Morgan City wharf improvement project in the works

The City Council approved moving forward with renovating the city’s wharf on Berwick Bay.
(The Daily Review Photo by Crystal Thielepape)


The City Council gave approval Tuesday for engineers to move forward with the design and bid process of a project to replace the city’s existing wharf on Berwick Bay and extend the wharf to the south by almost 150 feet.
At Tuesday’s city council meeting, the council approved the city to proceed with the final design and bid phases of its wharf project, for which the city is already under contract for the design with engineering firm Moffat & Nichol. Engineers will go through a conceptual design phase over the next 90 days, Morgan City Mayor Frank “Boo” Grizzaffi said.
The improvements to the wharf will give it a more contemporary look and put some bumpers on the edges of the wharf, Grizzaffi said.
City officials are working to finalize the design of the project and will have to decide whether to use cut lumber or composite decking for the wharf, Grizzaffi said. The city will then add amenities such as electricity and sewer hookups by the water, he said.
The project entails replacing 836 feet of existing wharf on Berwick Bay at an estimated cost of $1.4 million plus an additional bid for 144 feet of new wharf extending from the existing wharf southward at a cost of about $200,000, Grizzaffi said. The project is being paid for by a $1.3 million Louisiana Recovery Authority grant, $150,000 from the Port of Morgan City, the mayor said. “Additional funds will be needed before ... the bid process is completed,” Grizzaffi said. “We feel we have located that additional funding.”
City officials are working with Moffat & Nichol to get an exact project cost, Grizzaffi said. Former Morgan City Wharf Committee member Luke Manfre, who has been involved in the project for seven years, said committee members have examined many different plans over the years and the time has come to move forward with the design phase.
The city’s audit for the year ended Dec. 31, 2013, was presented at Tuesday’s council meeting. In addition to what The Daily Review reported Monday on the audit report, Gerald Thibodeaux of Kolder, Champagne, Slaven & Company said though revenues were down in 2013 by about $408,000, or 1 percent, sales taxes and ad valorem taxes were up $826,000. “That’s a 10 percent increase, which is very, very good,” Thibodeaux said.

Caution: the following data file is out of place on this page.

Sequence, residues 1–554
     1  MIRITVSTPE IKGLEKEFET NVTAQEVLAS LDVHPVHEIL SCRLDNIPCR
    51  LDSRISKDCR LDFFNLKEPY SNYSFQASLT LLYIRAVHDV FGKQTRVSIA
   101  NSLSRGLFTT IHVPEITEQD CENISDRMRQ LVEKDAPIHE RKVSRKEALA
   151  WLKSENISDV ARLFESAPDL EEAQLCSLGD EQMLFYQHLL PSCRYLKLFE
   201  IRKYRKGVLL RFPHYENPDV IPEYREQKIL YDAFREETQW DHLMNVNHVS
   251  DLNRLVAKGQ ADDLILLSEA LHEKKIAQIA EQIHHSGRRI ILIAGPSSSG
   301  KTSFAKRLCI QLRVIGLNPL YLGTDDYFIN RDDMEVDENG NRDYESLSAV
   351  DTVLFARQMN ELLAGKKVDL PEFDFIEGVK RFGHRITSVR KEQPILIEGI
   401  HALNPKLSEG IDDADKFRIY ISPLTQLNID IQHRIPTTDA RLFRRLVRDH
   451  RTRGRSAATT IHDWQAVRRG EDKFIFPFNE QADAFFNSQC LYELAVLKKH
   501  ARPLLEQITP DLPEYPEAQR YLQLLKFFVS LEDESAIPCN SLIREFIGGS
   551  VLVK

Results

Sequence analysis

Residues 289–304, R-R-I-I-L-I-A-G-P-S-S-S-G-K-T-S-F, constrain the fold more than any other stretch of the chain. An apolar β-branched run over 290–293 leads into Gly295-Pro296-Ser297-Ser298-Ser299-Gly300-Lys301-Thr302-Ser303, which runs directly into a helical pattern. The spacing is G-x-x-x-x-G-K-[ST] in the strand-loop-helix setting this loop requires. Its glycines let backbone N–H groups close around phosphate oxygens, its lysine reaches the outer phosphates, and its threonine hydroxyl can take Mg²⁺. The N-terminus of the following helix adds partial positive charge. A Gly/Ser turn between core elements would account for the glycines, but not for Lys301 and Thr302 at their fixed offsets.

The cause of decrease in overall revenues was due largely to the city having a $4 million bond issue in 2012 that it did not have in 2013, Thibodeaux said. “On the revenue side, you could really say that revenues are on the increase here, which we don’t get to say a whole lot. What we say now is revenues are fairly stagnant, fairly flat, but here in the city they’re actually on the increase,” Thibodeaux said.
The city’s expenses are relatively flat with the exception of utility expenses, which is slightly up due to fuel surcharges, Thibodeaux said. Total expenses were down $686,000, or 1.8 percent, compared to 2012, he said.
“When we look at how the revenues compared in total against the expenses in total ... this year we had, citywide, about a $1.5 million excess of revenues over expenditures,” Thibodeaux said. “Over the course of five years, we’ve gone from a $2.3 million deficit to a $1.5 million excess,” Thibodeaux said.
The council also accepted the low bid to build three new cabins and two docks at Lake End Parkway in the amount of $907,000 to Legacy Construction Services in Rossville, Tenn.
Bracey Herin of Legacy Construction Services said the cabins could be finished in about six to seven months from the start date. Construction can begin as soon as the project gets state approval, Grizzaffi said.
Funding for the cabins is coming from state capital outlay money.
Morgan City Wastewater Plant Manager Murphy Arcemont said the city is planning to renovate the front part of the wastewater treatment plant. “It’s in real bad shape because of the hydrogen sulfide that comes into the plant,” Arcemont said. The city will replace concrete, metal, and one the major pieces of equipment at the site, he said. Workers will also replace pump valves. The estimated cost of the work is about $500,000, he said.
In other business, the council:
—Approved a resolution to sign a mosquito control cooperative agreement with the City of New Orleans.
—Approved signing a resolution to accept a $25,000 grant through the Local Government Assistance Program to change out water valves on the city’s main water line.
—Approved a resolution for the city to allow the Louisiana Energy and Power Authority right-of-way to run a water line from the wastewater treatment plant to the new LEPA power plant on Youngs Road.
—Approved a liquor and beer permit for Bobby’s Bar & Grill.

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